Bad, thin, or no credit can make it harder to get approved for auto financing. Even when working with subprime lenders who are willing to approve people with less than perfect credit, sometimes consumers still can't get the green light. In these scenarios, it's likely that a cosigner can increase a borrower's chances of being approved. But there are pros and cons of having a cosigner on a bad credit auto loan.

What is a Cosigner?

cosigner on a bad credit car loan

A cosigner is a person with good or great credit who signs a loan alongside a primary borrower. By signing the loan alongside them, the cosigner agrees to take on the legal responsibilities that come with a loan.

This means that the loan will show up on the cosigner's credit reports and that they will be responsible for paying it back in the event the primary borrower misses payments or defaults on the loan.

Because of the delicate nature of this relationship, it's important that the primary borrower and the cosigner know and trust each other. Both need to understand their responsibilities before agreeing to enter the relationship. Most people only ask a parent, family member, spouse, or the closest of friends when in need of a cosigner.

The bottom line is that the addition of the cosigner adds extra assurance from the lender's point of view. It makes them more willing to approve a loan because it makes it more likely that all of the loan terms will be met.

But you'll still want to weigh the pros and cons before agreeing to become a cosigner or asking someone to cosign for you.

The Pros of Using a Cosigner

Let's start with the positives:

  • It can mean the difference between approval and denial. A cosigner can help an applicant with damaged credit get approved for a loan they would otherwise be denied. If the primary borrower doesn't quite meet the requirements and they really need a car, a cosigner can really be a life saver.
  • It can help the primary borrower build credit and learn valuable lessons. An auto loan is a great credit builder, provided that all of the payments are made on time. Say a cosigner helps a primary borrower get approved and the loan is completed successfully. Ideally, this means they won't need a cosigner on their next loan because their credit should have improved. Plus, a cosigner needs to have good credit, which indicates a strong financial history. They can teach the primary borrower the ways of proper credit management and help them learn valuable financial lessons.
  • It can help the primary borrower save money. Sometimes, a cosigner can help somebody with poor credit qualify for more favorable terms. If the primary borrower can receive a better interest rate with a cosigner compared to what they could qualify for (if at all) on their own, they can save money over the course of the loan.

The Cons of Using or Being a Cosigner

While there are benefits, there are drawbacks that must be considered as well.

  • The cosigner is on the hook financially and credit-wise. Cosigning is a serious matter that should not be taken lightly. A cosigner has to sign on the dotted line and take legal responsibility for the account. The loan will show up on their credit reports. That means a late payment, delinquency, or repossession will impact both people's credit score. Plus, they can be held responsible for making payments if the primary borrower fails to. In a worst case scenario where the primary borrower defaults on the loan, a cosigner can be the target of collection agencies or lawsuits because they are equally responsible for the loan obligations.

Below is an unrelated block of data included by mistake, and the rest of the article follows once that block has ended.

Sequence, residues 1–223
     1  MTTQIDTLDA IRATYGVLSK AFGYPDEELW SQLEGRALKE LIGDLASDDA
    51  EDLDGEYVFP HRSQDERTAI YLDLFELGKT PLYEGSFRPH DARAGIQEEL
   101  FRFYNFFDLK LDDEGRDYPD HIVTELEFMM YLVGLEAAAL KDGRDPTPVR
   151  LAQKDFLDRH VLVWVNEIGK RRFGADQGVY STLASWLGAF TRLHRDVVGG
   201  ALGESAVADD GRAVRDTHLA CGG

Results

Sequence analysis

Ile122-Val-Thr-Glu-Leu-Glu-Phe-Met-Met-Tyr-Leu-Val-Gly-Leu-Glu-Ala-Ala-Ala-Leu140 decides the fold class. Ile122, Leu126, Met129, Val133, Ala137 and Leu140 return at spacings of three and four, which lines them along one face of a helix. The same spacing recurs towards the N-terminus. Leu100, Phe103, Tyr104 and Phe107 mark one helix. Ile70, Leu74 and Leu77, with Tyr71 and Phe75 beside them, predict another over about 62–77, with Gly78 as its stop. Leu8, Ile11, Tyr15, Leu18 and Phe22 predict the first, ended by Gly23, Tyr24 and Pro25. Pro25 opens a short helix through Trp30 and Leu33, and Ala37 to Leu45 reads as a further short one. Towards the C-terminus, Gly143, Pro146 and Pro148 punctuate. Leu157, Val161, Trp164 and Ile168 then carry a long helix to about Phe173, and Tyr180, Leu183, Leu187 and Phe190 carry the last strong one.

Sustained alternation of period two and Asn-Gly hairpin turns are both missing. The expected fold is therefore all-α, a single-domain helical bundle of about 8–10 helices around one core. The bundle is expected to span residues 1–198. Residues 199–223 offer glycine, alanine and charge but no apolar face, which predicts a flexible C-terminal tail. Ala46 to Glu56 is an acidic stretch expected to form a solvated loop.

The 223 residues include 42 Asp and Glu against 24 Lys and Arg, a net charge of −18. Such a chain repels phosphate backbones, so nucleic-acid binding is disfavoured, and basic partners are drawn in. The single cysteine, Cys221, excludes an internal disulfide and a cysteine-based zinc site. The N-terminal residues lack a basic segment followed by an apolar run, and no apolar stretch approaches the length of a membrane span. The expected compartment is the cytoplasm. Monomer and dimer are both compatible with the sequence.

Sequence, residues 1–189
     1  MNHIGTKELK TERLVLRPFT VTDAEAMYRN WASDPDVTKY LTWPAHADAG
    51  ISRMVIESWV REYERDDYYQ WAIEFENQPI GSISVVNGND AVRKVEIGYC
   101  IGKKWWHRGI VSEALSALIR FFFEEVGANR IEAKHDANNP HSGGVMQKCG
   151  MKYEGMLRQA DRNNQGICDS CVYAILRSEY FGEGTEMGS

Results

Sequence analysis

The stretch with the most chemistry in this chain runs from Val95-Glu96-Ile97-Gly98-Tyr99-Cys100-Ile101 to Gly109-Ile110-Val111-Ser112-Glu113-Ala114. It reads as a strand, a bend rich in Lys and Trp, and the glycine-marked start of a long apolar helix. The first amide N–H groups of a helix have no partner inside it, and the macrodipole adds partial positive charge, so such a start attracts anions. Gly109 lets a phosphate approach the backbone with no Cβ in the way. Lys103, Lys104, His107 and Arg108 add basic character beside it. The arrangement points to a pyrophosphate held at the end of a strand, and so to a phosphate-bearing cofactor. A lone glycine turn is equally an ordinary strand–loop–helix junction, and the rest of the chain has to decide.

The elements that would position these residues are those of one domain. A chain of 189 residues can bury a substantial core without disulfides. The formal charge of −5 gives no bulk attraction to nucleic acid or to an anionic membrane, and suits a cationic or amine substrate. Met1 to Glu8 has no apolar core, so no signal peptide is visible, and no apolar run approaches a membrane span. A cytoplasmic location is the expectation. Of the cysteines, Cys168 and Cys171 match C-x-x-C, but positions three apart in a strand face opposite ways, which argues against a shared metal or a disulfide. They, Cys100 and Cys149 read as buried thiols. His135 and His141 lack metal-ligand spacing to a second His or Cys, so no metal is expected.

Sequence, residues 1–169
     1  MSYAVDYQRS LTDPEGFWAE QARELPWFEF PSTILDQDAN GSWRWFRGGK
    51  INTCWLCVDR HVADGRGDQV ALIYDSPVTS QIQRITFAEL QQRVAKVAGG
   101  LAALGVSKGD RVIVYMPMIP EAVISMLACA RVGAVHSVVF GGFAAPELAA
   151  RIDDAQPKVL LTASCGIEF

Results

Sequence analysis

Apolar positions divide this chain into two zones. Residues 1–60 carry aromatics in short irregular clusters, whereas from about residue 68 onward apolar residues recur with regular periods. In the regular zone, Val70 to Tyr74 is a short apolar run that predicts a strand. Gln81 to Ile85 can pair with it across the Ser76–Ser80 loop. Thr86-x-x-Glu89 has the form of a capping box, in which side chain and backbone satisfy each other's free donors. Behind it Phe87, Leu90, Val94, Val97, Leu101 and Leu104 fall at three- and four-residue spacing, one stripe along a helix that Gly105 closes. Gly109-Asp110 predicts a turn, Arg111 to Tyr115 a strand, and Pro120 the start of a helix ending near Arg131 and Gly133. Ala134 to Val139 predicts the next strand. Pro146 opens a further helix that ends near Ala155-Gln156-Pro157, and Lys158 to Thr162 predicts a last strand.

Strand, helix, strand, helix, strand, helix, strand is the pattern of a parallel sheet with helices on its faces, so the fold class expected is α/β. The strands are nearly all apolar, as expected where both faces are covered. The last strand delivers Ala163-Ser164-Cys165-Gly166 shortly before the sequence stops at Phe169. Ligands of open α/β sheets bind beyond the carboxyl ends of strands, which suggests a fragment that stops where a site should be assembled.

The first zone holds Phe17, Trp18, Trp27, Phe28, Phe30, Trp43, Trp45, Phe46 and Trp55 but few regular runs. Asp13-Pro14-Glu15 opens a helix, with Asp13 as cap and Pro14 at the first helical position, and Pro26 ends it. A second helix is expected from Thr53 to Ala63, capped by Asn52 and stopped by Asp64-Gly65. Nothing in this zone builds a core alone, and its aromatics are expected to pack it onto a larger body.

• The cosigner's buying power is also affected. Because the loan appears as an obligation on their credit report, it will be factored into future credit decisions should the cosigner need a loan, mortgage or a line of credit. Lenders will include the loan payment when calculating the person's debt to income (DTI) ratio, even if they are not the primary borrower. This could make it difficult for a cosigner to get approved for additional credit until the loan is complete.
  • It's tough to remove a cosigner from a loan. Once the loan is opened, it's usually very tough to remove a cosigner. The primary borrower would need to refinance the loan in order to terminate the cosigning agreement. This can often be difficult, unless their credit score has significantly improved since the time the loan was opened.

The Bottom Line

It's pretty clear when laying out the pros and cons that the primary borrower is in line to receive most of the benefits from a cosigning agreement, while the cosigner has to assume most of the risk. This is another reason why it is important to only use or become a cosigner with/for someone you trust.

What we recommend: Make every effort to get approved for an auto loan on your own. Seek out a first-time buyer program, save up a substantial down payment, or improve your credit score before applying. If a cosigner is the only option, then we recommend that you buy an affordable car, keep the loan term as short as possible, and never miss a payment so you can improve your credit score and not harm theirs.

Or, perhaps the only reason you aren't being approved is because you aren't working with the right dealership. At Auto Credit Express, we help people with bad credit get connected to a dealership in their area that stands to give them their best shot at being approved. Get the car you need and the chance to rebuild your credit by completing our online auto loan application today.